Results: Of 1570 patients discharged alive from the ICU, 333 (21%) died over the following year. Multivariable analysis identified age, comorbidity, red blood cell transfusion, ICU length of stay and abnormalities in common clinical factors at the time of ICU discharge (low systolic blood pressure, temperature, total protein, platelet and white cell count) as independent factors associated with 1-year mortality. Elevated biomarkers of cardiac and vascular failure independently associated with 1-year death when they are added to multivariable model, with an almost 3-fold increase in the risk of death when combined (adjusted odds ratio 2.84 (95% confidence interval 1.73-4.65), p < 0.001).
Conclusions: The FROG-ICU study identified, at the time of ICU discharge, potentially actionable clinical and biological factors associated with poor long-term outcome after ICU discharge. Those factors may guide discharge planning and directed interventions.
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The current issue content page can be accessed via this link.
The issue contained a series of special articles on dengue fever, ebola, malaria and leptospirosis together with a range of other articles including “Initial fluid resuscitation following adjusted body weight dosing is associated with improved mortality in obese patients with suspected septic shock” and “Clinical management of pressure control ventilation: An algorithmic method of patient ventilatory management to address “forgotten but important variables””
To access the full text of these articles direct from the journal’s homepage requires a personal subscription. Individual articles can be ordered via the Rotherham NHS Foundation Trust Library and Knowledge Service. Registered members of the library can make article requests online via this link.
The Critical Care Reviews Newsletter, bringing you the best critical care research and open access articles from across the medical literature over the past seven days. Research contained in the newsletter includes: “Adjunctive rifampicin for Staphylococcus aureus bacteraemia (ARREST): a multicentre, randomised, double-blind, placebo-controlled trial”, “Targeted Temperature Management After Cardiac Arrest: Systematic Review and Meta-analyses” and “Hypovitaminosis C and vitamin C deficiency in critically ill patients despite recommended enteral and parenteral intakes.”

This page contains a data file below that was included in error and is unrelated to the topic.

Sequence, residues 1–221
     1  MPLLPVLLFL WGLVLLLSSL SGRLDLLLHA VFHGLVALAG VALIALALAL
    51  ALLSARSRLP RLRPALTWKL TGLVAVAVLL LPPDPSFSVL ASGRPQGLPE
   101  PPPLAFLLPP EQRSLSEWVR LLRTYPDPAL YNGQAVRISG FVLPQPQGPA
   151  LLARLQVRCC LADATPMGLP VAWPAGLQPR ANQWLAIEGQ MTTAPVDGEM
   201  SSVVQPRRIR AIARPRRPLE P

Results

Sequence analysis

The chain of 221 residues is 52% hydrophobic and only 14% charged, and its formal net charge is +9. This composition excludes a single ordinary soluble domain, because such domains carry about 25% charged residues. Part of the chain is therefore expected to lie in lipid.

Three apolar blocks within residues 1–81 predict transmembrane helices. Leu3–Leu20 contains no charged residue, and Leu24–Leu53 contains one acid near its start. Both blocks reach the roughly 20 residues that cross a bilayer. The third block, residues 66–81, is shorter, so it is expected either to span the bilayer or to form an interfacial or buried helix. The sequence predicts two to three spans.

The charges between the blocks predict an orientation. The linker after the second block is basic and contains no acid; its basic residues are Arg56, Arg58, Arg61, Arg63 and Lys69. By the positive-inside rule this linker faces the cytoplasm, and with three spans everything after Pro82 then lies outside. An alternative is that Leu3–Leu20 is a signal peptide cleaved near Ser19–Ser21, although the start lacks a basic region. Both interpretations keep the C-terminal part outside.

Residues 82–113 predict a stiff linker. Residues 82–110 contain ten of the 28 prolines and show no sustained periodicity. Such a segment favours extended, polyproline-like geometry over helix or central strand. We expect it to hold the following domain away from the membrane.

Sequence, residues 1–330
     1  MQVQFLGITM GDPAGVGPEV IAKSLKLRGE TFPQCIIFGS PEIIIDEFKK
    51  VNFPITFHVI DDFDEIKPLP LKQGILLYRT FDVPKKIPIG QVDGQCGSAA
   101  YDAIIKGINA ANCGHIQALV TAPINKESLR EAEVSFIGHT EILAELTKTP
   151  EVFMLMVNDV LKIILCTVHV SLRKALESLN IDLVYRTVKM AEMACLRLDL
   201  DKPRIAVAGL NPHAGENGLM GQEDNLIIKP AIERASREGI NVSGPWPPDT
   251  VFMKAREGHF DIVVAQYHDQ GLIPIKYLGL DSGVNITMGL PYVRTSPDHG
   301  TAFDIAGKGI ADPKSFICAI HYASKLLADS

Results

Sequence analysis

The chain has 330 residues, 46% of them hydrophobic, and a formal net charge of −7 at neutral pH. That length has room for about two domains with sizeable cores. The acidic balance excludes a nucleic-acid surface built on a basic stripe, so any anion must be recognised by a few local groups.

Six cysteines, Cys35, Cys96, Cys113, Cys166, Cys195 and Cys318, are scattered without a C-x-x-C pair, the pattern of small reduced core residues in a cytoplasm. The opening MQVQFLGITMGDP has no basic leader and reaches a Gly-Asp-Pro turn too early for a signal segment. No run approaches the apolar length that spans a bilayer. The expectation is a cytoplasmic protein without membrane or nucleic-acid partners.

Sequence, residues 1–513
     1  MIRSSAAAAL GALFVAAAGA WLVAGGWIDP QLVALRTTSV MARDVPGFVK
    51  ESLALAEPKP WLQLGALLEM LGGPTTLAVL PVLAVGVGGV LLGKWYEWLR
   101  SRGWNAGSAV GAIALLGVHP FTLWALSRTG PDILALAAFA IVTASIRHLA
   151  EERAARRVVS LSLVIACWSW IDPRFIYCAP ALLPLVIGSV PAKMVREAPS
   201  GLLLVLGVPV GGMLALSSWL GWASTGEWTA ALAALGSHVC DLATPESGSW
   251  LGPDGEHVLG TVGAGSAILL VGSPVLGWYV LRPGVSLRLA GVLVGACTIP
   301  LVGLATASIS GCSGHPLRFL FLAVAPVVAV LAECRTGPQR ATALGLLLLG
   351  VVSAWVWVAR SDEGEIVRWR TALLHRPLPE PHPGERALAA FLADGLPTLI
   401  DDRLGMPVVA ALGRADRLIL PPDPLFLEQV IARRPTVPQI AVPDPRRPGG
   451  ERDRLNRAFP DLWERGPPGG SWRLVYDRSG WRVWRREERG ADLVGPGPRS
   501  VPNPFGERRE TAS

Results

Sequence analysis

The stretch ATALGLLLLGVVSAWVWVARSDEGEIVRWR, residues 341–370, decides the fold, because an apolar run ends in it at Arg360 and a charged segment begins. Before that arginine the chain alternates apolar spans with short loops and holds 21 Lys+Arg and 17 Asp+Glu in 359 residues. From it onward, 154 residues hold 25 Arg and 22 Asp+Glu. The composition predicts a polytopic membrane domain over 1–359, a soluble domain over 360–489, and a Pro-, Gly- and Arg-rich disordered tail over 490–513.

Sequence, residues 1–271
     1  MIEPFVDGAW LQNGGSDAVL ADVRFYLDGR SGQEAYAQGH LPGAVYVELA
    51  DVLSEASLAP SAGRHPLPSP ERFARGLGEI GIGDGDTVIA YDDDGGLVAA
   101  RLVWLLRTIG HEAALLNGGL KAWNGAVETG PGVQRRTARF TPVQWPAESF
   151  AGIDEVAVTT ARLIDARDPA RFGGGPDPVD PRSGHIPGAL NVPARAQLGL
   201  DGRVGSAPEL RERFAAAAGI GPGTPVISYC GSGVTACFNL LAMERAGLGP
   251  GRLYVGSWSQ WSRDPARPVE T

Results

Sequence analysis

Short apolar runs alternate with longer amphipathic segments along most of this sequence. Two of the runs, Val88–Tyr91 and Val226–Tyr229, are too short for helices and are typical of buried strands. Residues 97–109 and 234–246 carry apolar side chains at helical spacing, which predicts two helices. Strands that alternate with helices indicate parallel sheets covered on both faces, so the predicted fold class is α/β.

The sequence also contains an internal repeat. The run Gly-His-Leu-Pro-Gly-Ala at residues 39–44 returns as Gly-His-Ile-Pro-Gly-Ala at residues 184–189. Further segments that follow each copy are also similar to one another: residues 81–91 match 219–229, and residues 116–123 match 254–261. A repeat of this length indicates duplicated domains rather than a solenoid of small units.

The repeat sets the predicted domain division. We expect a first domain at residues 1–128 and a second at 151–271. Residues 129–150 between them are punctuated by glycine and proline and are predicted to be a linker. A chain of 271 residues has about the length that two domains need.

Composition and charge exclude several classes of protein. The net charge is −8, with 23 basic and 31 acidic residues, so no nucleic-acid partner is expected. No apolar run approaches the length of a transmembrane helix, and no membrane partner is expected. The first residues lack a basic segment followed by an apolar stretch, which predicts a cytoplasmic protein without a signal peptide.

The full copy of newsletter 314 17th December 2017 can be accessed via this link.
Titles of articles published in this issue include “Does good critical thinking equal effective decision-making among critical care nurses? A cross-sectional survey”, “The clinical surveillance process as carried out by expert nurses in a critical care context: A theoretical explanation” and “Nasal care in intensive care unit patients”.
The content page of this issue can be accessed via this link.
To see the full text of any of these articles direct from the journal’s homepage requires a personal subscription. Individual articles can be ordered via the Rotherham NHS Foundation Trust Library and Knowledge Service. Registered members of the library can make article requests online via this link.
Issues of Intensive and Critical Care Nursing from issue older than one year ago can have their full text accessed via this link. A Rotherham NHS Athens password is required. Eligible staff can register for an Athens password via this link.
The 313th Critical Care Reviews Newsletter brings you the best critical care research and open access articles from across the medical literature over the past seven days. “The highlights of this week’s issue are two RCTs in out-of-hospital cardiac arrest, investigating inhaled xenon and prehospital cooling respectively, meta analyses on stress ulcer prophylaxis, polymyxin B-immobilized hemoperfusion insepsis, and lung and diaphragmatic ultrasound to predict weaning outcome; plus observational studies on prone positioning in ARDS and hypoxemic respiratory failure in immunocompromised patients. There are also guidelines on bleeding in patients on oral anticoagulants and emergency airway management; and excellent narrative reviews on high-frequency oscillatory ventilation in ARDS , high-flow nasal oxygen and renal replacement therapy for acute brain injury.”
The full copy of newsletter 313 10th December 2017 can be accessed via this link.